Patent Activity Surges at National Renewable Energy Lab
WASHINGTON — The number of patents received by researchers at the National Renewable Energy Laboratory surged last year, with the lab receiving a total of 57 during the just concluded 2022 fiscal year, 10 more than awarded in 2021.
In addition, the NREL Technology Transfer Office counted 133 records of invention in FY ’22, filed for 176 patent applications both in the United States and internationally, and obtained Department of Energy permission to assert copyright to 78 software packages, which included the release of 58 instances of open-source software.
More information on these breakthroughs can be found in the blog post here.
Among the items awarded patents were an offshore wind platform called a “flexible aquatic substructure” that helped floating offshore wind turbines better survive rough seas; a method of converting woody biomass to oil and such carbon-rich coproducts as graphite; a method of using high-quality superheated sand to heat buildings; and technology that allows for greater control of devices plugged in or hard-wired into buildings.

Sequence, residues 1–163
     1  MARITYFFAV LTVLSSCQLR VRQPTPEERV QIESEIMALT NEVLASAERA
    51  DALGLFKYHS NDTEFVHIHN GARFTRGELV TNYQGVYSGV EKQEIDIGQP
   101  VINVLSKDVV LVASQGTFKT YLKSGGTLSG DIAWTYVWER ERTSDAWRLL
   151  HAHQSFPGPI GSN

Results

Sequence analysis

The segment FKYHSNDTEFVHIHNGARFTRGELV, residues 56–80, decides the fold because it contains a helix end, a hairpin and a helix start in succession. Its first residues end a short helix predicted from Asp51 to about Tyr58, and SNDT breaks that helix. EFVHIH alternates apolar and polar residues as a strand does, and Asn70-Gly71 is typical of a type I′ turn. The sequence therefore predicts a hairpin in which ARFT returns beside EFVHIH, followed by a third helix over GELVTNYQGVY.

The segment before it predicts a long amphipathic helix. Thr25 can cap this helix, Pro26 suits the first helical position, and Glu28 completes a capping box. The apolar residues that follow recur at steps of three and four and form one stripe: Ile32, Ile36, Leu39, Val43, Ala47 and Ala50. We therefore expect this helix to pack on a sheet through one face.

“Protecting intellectual property this way enables us to make it available for licensing, which in turn enables companies to introduce products so that NREL innovations have an impact,” said Anne Miller, director of NREL’s Technology Transfer Office, in the piece.
She told the authors the laboratory files an average of about 170 patent applications annually and releases roughly 48 open-source software titles.
The process to protect innovations as intellectual property begins with researchers submitting records of invention and software records.
“It’s excellent that NREL has a tech transfer office that supports our technology development, that will help us through the patenting process,” said Kim Trenbath, the innovation lead for systems technology R&D in the laboratory’s Building Technologies and Science Center, in the same article.
“Because if we were not working at NREL, and we were kind of working on our own, it would be a lot more challenging for us. They made it very streamlined,” Trenbath added.